Visit » Calendar » Executive Function: The Essentials of Early Childhood Brain Development

Dr. Margaret Sheridan
Thursday, May 7, 2015 -
6:30pm to 8:30pm
Speaker: Dr. Margaret Sheridan, Assistant Professor at Harvard Medical School and Research Associate at Boston Children's Hospital
First Church Unitarian
Littleton, MA
Free; $5 suggested donation at the door

How does executive function develop in early childhood and what do we know about the environments which shape it? Executive Function refers to a set of cognitive skills which are integral to our ability to focus on goals, stop ourselves from doing things we don't want to do, and can impact future success. Dr. Margaret Sheridan will speak about the brain processes which support the typical development of these skills. In addition, she will report on some recent research which investigates the impact of stressful environments on children’s brain development.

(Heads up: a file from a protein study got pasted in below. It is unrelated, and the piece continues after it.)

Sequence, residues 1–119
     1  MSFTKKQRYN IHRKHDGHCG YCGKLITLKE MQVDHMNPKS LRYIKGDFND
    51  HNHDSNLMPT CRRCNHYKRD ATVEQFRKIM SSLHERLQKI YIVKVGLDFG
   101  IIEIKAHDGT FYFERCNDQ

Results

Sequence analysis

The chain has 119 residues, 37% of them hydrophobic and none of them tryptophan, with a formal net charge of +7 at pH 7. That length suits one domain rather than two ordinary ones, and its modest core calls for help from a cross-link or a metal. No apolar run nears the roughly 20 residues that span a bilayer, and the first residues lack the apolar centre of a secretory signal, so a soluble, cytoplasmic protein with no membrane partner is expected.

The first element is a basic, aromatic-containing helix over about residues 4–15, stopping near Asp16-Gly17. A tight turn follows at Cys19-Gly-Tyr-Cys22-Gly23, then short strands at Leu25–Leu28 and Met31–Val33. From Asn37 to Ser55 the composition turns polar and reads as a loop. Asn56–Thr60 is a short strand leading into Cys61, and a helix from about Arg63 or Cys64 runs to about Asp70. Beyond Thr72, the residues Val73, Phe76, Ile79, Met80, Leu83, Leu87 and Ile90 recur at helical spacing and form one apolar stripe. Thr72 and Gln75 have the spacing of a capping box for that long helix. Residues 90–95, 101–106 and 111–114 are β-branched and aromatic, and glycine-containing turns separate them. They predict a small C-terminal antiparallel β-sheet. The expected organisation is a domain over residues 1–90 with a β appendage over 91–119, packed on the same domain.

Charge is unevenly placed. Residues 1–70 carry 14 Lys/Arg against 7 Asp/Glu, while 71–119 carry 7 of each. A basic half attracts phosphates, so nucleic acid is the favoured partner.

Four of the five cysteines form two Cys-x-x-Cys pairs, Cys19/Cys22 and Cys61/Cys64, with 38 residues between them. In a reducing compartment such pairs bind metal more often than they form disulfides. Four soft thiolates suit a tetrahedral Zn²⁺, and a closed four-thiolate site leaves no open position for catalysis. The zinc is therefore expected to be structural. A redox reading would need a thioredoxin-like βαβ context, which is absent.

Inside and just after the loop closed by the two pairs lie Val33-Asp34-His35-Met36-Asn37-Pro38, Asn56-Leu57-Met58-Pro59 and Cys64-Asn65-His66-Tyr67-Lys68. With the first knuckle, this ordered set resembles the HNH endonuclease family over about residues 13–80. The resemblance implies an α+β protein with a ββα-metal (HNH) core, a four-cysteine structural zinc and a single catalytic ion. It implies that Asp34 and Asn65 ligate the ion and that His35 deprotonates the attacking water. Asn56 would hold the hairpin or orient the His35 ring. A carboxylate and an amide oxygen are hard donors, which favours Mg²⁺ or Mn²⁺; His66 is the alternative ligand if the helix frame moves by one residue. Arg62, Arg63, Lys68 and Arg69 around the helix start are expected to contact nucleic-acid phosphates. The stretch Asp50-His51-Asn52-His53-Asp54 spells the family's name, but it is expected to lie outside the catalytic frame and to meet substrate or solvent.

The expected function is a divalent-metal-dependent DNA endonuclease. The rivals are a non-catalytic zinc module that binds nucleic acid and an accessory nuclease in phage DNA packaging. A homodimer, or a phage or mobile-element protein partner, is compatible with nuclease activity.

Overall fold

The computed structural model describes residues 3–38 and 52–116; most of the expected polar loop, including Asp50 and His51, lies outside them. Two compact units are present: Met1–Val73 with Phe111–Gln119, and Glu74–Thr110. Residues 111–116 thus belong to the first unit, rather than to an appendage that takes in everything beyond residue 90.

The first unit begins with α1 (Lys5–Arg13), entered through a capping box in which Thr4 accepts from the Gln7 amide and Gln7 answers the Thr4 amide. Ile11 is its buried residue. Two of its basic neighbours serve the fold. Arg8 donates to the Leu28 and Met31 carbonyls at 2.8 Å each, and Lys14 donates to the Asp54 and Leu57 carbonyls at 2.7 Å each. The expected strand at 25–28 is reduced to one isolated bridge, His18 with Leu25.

Margaret Sheridan, Ph.D. received her degree in Clinical Psychology from the University of California, Berkeley in 2007. After completing her clinical internship at NYU Child Study Center/Bellevue Hospital, she spent three years as a Robert Wood Johnson Health and Society Scholar at Harvard School of Public Health and is now an Assistant Professor at Harvard Medical School at Boston Children’s Hospital. The goal of her research is to better understand the neural underpinnings of the development of cognitive control across childhood and to understand how and why disruption in this process results in psychopathology. In collaboration with Sheridan Lab, she approaches this problem in two ways; first, by studying atypical development, in particular children with attention-deficit/hyperactivity disorder (ADHD). Second, by studying the effect of experience on brain development, specifically, the effect of adversity on prefrontal cortex function in childhood. While the Sheridan Lab is focused on using neuroscience to solve real world problems such as better diagnosing ADHD or creating safer, healthier environments for children growing up in poverty, they pursue these goals using the tools of cognitive neuroscience. Dr. Sheridan‘s work is characterized by rigorous and novel task design and cutting edge analytic approaches to functional magnetic resonance imaging (fMRI) and electroencephalogram (EEG).